I finished the first quarter of my PhD Program! Mind expansion and lessons learned left me with new perspectives on Ab Initio Training, NextGen, Unmanned Aircraft Systems (UAS) and the future of General Aviation. And today in Blogging Information is on Flight To Success. Perfect timing.
Did you know...
“General Aviation accounts for roughly 87% of the almost 600,000 U.S. certified pilots, and makes use of more than 13,000 public and private airports. General aviation pilots log roughly 27 million hours per year. There are about 221,000 general aviation aircraft based in the U.S. and they carry more than 166 million passengers each year, making the GA fleet the largest air carrier in the world” (Casner, 2007, p. 595).
In 2007, general aviation pilots with under 500 hours total time and those with less than 100 hours in aircraft type held the highest percentage of all accidents, 34% and 47% respectively. As experience increased accident rates went down to 2% for both categories. However, data showed an interesting turn—once total flight hours increased above 4000 and / or a pilot reached 1000 hours in type, the accident rate increased to 19% and 14% respectively.
Low experience and accidents is understandable during the learning curve phase, but why the shift? More experience could lead to riskier operations and complacency, but does it have to? The final week of my Human Factors course was about general aviation and the accident rate. I noticed a few common threads attributing to GA accidents:
Peer pressure—doing something you would not normally do on your own.
Time pressure—feeling the need to be someplace and pushing your limits.
Broken habits—skipping a preflight or neglecting the weight and balance.
Overconfidence—doing something in a plane you should not be doing due to complacency.
The above examples are all situations that a pilot has under his or her control. So I must ask…what is more important than your life? Why are so many falling into the complacency trap? I’ve been thinking about the overregulation of the aviation industry—could it be tied to the high accident rate?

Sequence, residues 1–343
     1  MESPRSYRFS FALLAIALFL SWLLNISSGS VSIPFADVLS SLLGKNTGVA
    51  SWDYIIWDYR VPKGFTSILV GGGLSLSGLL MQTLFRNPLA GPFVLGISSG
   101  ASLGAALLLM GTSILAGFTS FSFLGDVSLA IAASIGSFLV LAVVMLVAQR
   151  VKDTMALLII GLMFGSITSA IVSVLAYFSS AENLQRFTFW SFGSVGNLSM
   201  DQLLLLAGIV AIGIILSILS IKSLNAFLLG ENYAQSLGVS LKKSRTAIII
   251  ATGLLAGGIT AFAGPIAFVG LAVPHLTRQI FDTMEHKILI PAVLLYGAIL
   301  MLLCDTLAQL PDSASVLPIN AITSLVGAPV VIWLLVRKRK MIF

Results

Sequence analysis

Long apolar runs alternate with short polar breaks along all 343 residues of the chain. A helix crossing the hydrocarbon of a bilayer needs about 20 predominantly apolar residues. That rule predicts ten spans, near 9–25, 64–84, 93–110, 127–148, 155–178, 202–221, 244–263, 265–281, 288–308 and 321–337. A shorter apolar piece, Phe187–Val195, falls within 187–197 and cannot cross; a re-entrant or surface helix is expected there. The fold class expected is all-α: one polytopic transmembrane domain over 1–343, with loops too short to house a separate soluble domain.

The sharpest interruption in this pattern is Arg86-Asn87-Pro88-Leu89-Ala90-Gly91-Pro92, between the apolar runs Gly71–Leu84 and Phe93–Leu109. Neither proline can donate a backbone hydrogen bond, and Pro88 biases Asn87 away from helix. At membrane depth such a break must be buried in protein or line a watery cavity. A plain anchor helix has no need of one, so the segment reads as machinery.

We want to take control of our industry to have a cost effective means for people to learn to fly, but are you willing to do what it takes to make it safer? If general aviation accidents continue to increase, will ensuing regulations make it cost prohibitive for pilots to learn to fly? We all have the ability to improve safety.
What You Can Do:
Learning: Continue your education. Never stop learning. Work toward a new rating, even if you don’t plan on using it. As you work through your training, you will learn skills that can help in all aspects of your flying and make you better.
Skill Development: When you fly don’t just go for a ride, work to improve your skills—always strive for better.
Discipline: Create habits that you are committed to, and refuse to break. Perform your walk-around in the same footprint every flight. Create standard operating procedures so your processes become habit.
Instinct: When something doesn’t feel right, it probably isn’t. Listen to that voice that questions what you’re about to do, and don’t do it.
Hang up the cape: Check the ego outside the plane and understand you are human and fallible.
December is upon us and with that comes the worst weather combined with holiday stress. This month think about what you can do to operate a little safer so you will be alive to enjoy the holidays with your loved ones. Become resolute in establishing a safety culture to live by. Make a safety resolution for the New Year.
Join Aviation Clubs: You should become a member of one or more of our grass-root aviation clubs: AOPA (Aircraft Owners and Pilot Association), EAA (Experimental Aircraft Association), LAMA (Light Aircraft Manufacturers Association), NAFI (National Association of Flight Instructors), SPA (Seaplane Pilots Association) WAI (Women In Aviation) and Ninety-Nines. Newsletters, magazines, and pilot support are available and should be accessed. These clubs are for all pilots, not just general aviation.
What will you do to keep proficient and safe?- See more at: http://karlenepetitt.blogspot.com/2014/12/general-aviation-safety.html#sthash.5J2wqOV3.dpuf